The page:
Paying More at the Pump? 3 Ways to Save

by Maurie Backman | Updated July 25, 2021 - First published on May 16, 2021

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A woman refuels her car at the gas station.

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Gas prices are soaring. Here's how to cope.

For many of us, gas is an essential expense. But following the ransomware attack on the Colonial Pipeline, many East Coast states have grappled with a major gas shortage. And in the spirit of classic supply and demand laws, that's driven the price of fuel way up. Many drivers are paying $3 a gallon or more to fill up their cars, and it's hurting a lot of people's budgets. If you're struggling with high gas prices, here are some steps you can take to ease the pain.

1. Do some research

Though gas prices tend to rise and fall regionally (and, often, nationally), individual gas stations still dictate their own prices. Filling up at the right station could spell the difference between overpaying substantially or paying less. To this end, it helps to do some research. Apps like GasBuddy look at gas prices in your neck of the woods so you can identify those stations that deal the least-harsh blow to your wallet. Remember that driving around town to find the cheapest gas prices costs you money, because you use fuel to do so. You're better off researching at home ahead of time.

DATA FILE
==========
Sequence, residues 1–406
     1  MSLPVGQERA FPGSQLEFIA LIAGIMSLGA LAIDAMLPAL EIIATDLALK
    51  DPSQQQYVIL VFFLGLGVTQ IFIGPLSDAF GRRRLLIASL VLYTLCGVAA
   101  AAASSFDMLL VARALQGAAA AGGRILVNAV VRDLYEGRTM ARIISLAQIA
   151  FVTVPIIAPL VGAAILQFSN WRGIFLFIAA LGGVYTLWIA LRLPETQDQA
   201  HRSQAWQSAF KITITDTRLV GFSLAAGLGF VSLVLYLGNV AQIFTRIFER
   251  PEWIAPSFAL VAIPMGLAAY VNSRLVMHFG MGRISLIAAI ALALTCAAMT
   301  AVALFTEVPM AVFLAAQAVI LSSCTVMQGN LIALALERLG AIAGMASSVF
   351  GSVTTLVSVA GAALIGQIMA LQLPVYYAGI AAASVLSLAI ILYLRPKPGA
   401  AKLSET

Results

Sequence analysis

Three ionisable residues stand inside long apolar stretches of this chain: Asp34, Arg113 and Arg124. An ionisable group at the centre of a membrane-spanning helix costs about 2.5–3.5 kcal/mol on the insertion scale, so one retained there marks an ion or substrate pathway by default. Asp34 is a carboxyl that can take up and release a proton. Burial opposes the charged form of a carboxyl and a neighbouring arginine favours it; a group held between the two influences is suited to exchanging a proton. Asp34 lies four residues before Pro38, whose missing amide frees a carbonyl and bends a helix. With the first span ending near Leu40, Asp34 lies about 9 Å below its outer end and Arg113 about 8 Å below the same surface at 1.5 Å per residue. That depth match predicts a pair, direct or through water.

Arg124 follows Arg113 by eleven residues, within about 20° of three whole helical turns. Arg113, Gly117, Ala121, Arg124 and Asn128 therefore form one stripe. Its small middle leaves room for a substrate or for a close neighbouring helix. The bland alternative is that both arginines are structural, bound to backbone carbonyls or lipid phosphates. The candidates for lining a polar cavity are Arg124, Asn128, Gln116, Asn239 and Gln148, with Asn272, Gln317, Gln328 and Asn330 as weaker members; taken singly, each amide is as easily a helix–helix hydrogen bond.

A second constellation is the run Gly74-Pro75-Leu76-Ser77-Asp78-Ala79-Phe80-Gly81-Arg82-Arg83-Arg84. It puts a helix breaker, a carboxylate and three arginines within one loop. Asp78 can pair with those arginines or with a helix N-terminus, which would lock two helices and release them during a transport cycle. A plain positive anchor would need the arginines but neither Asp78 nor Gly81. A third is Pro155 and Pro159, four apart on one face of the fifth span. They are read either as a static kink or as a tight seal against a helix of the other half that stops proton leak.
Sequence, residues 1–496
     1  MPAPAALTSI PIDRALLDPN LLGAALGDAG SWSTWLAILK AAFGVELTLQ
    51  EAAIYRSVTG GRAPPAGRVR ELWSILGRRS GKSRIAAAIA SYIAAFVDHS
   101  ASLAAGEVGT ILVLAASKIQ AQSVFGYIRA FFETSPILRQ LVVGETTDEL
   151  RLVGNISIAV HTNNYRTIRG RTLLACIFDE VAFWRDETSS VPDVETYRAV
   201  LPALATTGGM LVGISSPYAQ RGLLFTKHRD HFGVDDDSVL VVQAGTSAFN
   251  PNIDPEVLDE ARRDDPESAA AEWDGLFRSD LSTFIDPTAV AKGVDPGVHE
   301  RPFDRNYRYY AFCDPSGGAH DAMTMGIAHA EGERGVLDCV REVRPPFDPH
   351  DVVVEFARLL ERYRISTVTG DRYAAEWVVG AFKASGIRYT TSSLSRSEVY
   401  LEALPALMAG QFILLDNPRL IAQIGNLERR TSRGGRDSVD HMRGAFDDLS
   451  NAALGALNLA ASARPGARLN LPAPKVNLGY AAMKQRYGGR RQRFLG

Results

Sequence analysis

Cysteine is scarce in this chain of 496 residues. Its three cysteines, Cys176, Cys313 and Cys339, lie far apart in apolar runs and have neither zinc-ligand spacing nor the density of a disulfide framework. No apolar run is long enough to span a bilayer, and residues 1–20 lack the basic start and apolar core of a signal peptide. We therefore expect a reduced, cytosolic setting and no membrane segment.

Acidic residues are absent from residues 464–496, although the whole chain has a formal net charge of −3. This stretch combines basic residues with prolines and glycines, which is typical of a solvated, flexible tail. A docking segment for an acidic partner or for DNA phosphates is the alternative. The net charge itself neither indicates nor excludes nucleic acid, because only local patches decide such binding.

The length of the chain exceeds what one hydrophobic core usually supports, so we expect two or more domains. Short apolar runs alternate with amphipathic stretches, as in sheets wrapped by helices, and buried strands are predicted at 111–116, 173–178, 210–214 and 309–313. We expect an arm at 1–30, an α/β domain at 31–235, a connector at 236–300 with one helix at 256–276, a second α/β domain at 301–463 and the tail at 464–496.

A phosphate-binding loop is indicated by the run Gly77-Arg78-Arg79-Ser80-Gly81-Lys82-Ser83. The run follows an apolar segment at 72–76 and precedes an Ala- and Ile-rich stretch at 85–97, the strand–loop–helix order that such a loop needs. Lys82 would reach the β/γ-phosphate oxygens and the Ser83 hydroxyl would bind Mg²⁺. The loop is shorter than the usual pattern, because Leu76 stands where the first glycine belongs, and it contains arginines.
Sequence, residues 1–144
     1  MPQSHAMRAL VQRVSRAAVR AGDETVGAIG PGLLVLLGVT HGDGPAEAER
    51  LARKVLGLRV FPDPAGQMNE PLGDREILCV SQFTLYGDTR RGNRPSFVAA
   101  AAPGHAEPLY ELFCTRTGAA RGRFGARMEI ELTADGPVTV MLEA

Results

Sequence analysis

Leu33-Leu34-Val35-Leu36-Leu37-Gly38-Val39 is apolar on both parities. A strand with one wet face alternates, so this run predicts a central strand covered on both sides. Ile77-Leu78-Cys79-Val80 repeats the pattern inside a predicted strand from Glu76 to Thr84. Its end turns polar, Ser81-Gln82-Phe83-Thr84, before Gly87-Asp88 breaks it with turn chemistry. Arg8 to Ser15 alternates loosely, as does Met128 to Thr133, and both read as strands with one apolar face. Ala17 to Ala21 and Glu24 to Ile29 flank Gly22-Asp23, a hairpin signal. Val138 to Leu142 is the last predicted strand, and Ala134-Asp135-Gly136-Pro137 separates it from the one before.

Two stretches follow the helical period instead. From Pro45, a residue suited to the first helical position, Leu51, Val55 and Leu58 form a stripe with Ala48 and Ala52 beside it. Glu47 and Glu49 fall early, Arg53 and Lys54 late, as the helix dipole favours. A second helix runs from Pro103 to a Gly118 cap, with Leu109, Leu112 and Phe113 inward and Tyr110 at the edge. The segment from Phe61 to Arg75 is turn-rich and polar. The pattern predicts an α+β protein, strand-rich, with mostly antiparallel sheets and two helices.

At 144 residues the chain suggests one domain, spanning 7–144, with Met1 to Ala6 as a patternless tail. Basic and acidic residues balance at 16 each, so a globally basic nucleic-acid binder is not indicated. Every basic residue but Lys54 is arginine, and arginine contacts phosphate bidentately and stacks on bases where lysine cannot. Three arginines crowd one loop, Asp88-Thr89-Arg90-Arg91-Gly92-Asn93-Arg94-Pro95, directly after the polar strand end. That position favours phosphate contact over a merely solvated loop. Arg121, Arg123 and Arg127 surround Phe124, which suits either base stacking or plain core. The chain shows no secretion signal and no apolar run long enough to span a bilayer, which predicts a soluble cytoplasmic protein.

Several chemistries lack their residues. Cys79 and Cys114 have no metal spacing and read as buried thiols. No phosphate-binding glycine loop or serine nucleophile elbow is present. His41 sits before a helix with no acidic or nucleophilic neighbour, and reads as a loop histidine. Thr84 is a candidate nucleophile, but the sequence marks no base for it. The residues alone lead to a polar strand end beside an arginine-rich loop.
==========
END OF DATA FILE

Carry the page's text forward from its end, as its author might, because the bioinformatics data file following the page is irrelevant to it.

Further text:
2. Time your car trips strategically

You may be in the habit of jumping in the car to run errands at random. But when gas prices are soaring, that can be hard on your wallet -- you could end up making extra trips that cost you a lot. A better bet? Map out your trips and errands at the start of the week, and combine them where possible. For example, if your local supermarket is 10 miles away, but you pass it on the way home from work, do your food shopping then, rather than coming home, doing some stuff around the house, and then going back out for groceries.

3. Get a credit card that rewards you for gas fill-ups

Using a credit card won't lower your gas price up front. But the right credit card can reward you generously for filling up on gas. If you don't already have a credit card with great gas rewards, it pays to apply for one quickly. You may find that in addition to cash back on gas, you also get cash back on other purchases you make on the regular.

Rising gas prices are never fun, and as we head into the summer, they could mess up a lot of people's plans. If you're paying more at the pump, take a close look at your budget and see if there are other costs that you can cut back on to compensate.

You might think that paying a few dollars extra for gas here and there isn't a big deal, but over time, it could hurt you -- and if you're living paycheck to paycheck, it could even land you in debt. By being mindful of your spending across the board and using these tips, you can avoid a serious hit to your finances due to inflated gas prices beyond your control.

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